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Who was Queen Liliuokalani of Hawaii?

Public Domain, Wikimedia Commons

We know the American state of Hawaii as a tropical paradise with beautiful beaches and the original home of surfing. Less known is that Hawaii was, for nearly 100 years, an independent kingdom. United in 1795 by its first monarch, King Kamehameha I, known as “The Great”. There were eight monarchs until the Kingdom’s overthrow in 1893 – the last monarch being its only reigning queen – Liliuokalani.

She was born Lydia Liliu Loloku Walania Kamakaeha on 2 September 1838 in Honolulu. Her mother, Analea Keohokalole and her father, Caesar Kapaakea were members of the Hawaiian nobility and were collateral relations of the Royal House of Kamehameha. King Kamehameha III recognised Liliuokalani and her siblings as heirs to the Hawaiian throne, and at the age of four, she was sent to study with other recognised royal heirs at the Chief’s Children’s School.

Upon the ascension of King Kamehameha IV in 1855, she became part of the young social elite and served as Lady in Waiting to his wife, Queen Emma. After a broken engagement, she met and fell in love with American-born John Owen Dominus, and the couple were married on 16 September 1862. They had no children of their own, but Liliuokalani informally adopted three children in a common Hawaiian practice called Hanai.

On the death of King Kamehameha V in 1872, the royal line died out, and it was decided future monarchs would be chosen from among the Royal Family by the legislature. Lunalilo – a grandnephew of King Kamehameha I – was chosen; however, his reign would be brief as he died from tuberculosis in 1874. The next selected was Liliuokalani’s brother, David Kalakaua. He and his queen, Kapiolani had no children, and after the death of his only brother in 1877, he named Liliuokalani as his heir.

In 1881, King Kalakaua embarked on a world tour, and during that time, Liliuokalani served as regent. She had to deal with a smallpox outbreak – most likely brought to the islands by contracted Chinese labourers. She closed all the ports and stopped all outgoing shipping containing the outbreak to Honolulu and Oahu. It mainly affected native Hawaiians with 789 infections and 289 fatalities. That year, she visited the leper colony on Molokai – a visit which deeply affected her. She would go on to organise the building of a hospital for the lepers, and she awarded a knighthood to Father Damien, a Catholic priest who ministered to the lepers, for services to her people.

In 1887, she and Queen Kapiolani represented Hawaii at the Golden Jubilee celebrations for Queen Victoria. In their absence, a rebellion against her brother was organised by a group of businessmen of European and American origins. They sought to end the monarchy and seek the annexation of Hawaii by America; however, after the King agreed to a constitution they had drawn up, they allowed the monarchy to continue. The constitution was known as “The Bayonet Constitution” because it had been signed by threats to the King. It greatly reduced the monarch’s powers and disenfranchised two-thirds of the native Hawaiians.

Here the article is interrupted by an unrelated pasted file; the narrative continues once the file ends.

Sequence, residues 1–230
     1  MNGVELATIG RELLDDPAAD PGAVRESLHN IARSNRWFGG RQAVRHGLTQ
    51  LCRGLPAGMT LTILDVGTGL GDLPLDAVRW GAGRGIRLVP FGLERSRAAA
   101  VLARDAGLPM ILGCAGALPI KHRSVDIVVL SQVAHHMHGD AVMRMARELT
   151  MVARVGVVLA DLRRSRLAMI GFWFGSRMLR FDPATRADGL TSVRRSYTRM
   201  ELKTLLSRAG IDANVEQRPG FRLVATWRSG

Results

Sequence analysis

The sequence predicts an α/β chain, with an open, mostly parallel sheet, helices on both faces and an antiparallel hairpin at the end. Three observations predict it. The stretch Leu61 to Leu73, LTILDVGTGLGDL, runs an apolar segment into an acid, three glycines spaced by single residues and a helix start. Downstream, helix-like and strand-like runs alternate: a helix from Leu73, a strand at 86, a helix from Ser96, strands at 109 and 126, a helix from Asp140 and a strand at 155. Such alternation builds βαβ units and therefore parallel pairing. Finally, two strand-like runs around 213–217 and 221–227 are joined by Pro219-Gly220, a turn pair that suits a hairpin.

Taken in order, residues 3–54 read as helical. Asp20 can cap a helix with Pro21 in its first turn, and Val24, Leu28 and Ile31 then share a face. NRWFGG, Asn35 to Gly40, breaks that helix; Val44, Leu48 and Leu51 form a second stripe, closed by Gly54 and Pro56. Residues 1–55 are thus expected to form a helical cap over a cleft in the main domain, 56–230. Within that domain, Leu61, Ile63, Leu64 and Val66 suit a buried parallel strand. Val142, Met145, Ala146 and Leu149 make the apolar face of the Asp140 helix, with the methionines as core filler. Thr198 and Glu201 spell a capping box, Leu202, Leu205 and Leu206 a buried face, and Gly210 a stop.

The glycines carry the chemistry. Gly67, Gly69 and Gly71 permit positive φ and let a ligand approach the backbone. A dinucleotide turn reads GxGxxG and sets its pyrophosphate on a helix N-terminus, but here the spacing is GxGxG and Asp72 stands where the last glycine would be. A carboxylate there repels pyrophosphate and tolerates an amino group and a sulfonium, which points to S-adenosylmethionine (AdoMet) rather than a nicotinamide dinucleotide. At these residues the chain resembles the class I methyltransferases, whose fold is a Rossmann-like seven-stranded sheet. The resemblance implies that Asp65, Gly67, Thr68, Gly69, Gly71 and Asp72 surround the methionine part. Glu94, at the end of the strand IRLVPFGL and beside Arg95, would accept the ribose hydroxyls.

On 29 January 1891, Liliuokalani came to the throne after the death of her brother. She created her husband Prince Consort and Governor of Oahu; however, he died on 27 August, seven months into her reign, which left her without an important advisor. She named her niece, Princess Kaiulani as her heir. From April to July, she toured all the main Hawaiian Islands. She sought after receiving many petitions to write a new constitution which would restore many of her powers and the rights of native Hawaiians. The same group of businessmen got word of this and made a move against the monarchy. On 17 January 1893, they deposed Queen Liliuokalani. An American warship, the USS Boston, had landed in Honolulu leaving the Queen unable to defend herself.

In the following five years, Queen Liliuokalani sought the help of America to restore her to her throne, but ultimately what the leaders of the coup against her wanted was fulfilled in 1898 when America annexed Hawaii. Liliuokalani lived out her remaining years at her private residence “Washington Place” in Honolulu. She died on 11 November 1917, aged 79, and a full state funeral was held for her at her former royal residence Iolani Palace. Many native Hawaiians came out to mourn their last Queen.

In 1993 on the 100th anniversary of the end of the monarchy, US President Bill Clinton issued an apology to native Hawaiians for America’s role in ending their monarchy. After many different uses, the former royal residence Iolani Palace was fully restored and opened as a museum to remember Hawaii’s time as a kingdom. Hawaiians will always have a special place in their memory for the remarkable and courageous women who was their Queen.